Date of Award


Document Type

Honors Project

Degree Name

Bachelor of Arts


Classics, Philosophy, and Religion

First Advisor

Houhtalin, Liane

Second Advisor

Pitts, Angela

Third Advisor

Romero, Joseph

Major or Concentration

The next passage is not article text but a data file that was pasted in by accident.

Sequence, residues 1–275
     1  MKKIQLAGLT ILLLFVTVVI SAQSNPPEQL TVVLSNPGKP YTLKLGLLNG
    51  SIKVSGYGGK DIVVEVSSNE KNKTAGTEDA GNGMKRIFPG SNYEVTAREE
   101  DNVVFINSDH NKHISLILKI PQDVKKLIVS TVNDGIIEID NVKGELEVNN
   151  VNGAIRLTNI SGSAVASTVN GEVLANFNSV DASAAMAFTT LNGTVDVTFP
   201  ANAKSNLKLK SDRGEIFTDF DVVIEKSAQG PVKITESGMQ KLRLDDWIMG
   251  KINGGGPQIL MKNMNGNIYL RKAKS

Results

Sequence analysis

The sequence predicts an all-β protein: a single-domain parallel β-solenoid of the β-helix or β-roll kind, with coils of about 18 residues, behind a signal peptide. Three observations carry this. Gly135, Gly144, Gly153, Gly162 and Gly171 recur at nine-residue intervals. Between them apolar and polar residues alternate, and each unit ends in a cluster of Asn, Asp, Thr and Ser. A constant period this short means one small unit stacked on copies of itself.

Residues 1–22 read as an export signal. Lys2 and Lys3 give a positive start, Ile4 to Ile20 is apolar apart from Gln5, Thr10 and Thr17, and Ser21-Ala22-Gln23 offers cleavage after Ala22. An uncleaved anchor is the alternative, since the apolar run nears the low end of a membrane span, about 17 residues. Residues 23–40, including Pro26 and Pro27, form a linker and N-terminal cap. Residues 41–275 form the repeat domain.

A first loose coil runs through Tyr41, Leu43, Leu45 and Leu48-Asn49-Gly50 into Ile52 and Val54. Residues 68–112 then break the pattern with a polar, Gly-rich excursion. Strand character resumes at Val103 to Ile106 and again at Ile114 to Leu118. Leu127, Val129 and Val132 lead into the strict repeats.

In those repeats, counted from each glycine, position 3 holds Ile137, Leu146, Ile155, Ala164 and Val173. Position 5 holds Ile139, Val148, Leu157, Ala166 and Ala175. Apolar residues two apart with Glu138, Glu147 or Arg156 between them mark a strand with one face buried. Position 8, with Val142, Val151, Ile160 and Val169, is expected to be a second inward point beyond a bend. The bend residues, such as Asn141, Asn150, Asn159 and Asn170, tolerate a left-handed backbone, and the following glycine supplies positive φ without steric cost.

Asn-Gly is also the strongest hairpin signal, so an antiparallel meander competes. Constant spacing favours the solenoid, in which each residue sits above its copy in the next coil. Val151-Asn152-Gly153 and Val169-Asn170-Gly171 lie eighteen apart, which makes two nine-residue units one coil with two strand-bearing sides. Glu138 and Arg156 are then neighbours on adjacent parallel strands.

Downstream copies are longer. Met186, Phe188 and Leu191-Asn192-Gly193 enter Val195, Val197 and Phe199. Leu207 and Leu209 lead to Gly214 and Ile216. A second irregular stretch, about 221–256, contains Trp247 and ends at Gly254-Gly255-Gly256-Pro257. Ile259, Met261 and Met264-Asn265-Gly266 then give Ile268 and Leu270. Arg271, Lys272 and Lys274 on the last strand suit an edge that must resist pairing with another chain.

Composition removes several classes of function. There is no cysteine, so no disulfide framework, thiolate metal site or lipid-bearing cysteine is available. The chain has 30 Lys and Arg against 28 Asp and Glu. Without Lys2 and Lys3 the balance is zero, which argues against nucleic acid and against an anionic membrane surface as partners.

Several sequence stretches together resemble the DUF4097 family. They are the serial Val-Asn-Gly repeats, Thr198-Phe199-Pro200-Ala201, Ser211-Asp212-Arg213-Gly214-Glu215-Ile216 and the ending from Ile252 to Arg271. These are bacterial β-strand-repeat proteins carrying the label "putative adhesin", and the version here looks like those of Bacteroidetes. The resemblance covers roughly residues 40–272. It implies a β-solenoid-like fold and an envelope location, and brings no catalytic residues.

This paper seeks to answer the question of why Dante treats Dido so harshly for her "fault" (culpa, 4. 172), when Vergil treats her so leniently for the same culpae. To answer this question, the paper discusses the nature of Dido's roles in the Aeneid and in the Inferno, respectively, as well as the role of the gods in the Aeneid in her culpa, the role of Dido's furor, and the implications behind Dante's change in Dido's fate. One opinion among scholars is that Dante's Inferno was a "Christianized" redaction of the Aeneid, so that Dido's punishment would fit her crime exactly. In his article, "Vergil's Inferno," Putnam (1991) argues that, Dante, by reviewing the Aeneid through a theological and a teleological lens, was able to conclude his poem in a way that satisfactorily concluded what Vergil had begun. The second approach is that Dante was aiming for the maximum aesthetic effect. In Dante's mind, Dido makes a better adulteress than a suicide; through the Dantean lens, one sees Dido as both the beautiful adulteress and the tragic suicide. Poggioli (1957), in his article "Paolo and Francesca," argues that Dante was more concerned with the spirit of the works he alludes to, rather than being literally accurate. Vergil's Dido is made to suffer needlessly on account of the machinations of the gods, and the nature of fate. This is because in Vergil's ontology the gods use mortals to tweak Fate, and the mortals suffer the consequence. Thus, Dido is more sympathetic as a victim in Vergil's Aeneid, and therefore, she is treated kindly in the afterlife. Conversely, Dante turns the "Dido story" into a didactic exposé of the nature of lust. Therefore, Dante's rendition of Dido in the Inferno enhances and explains Vergil's rendition of her in the Aeneid.

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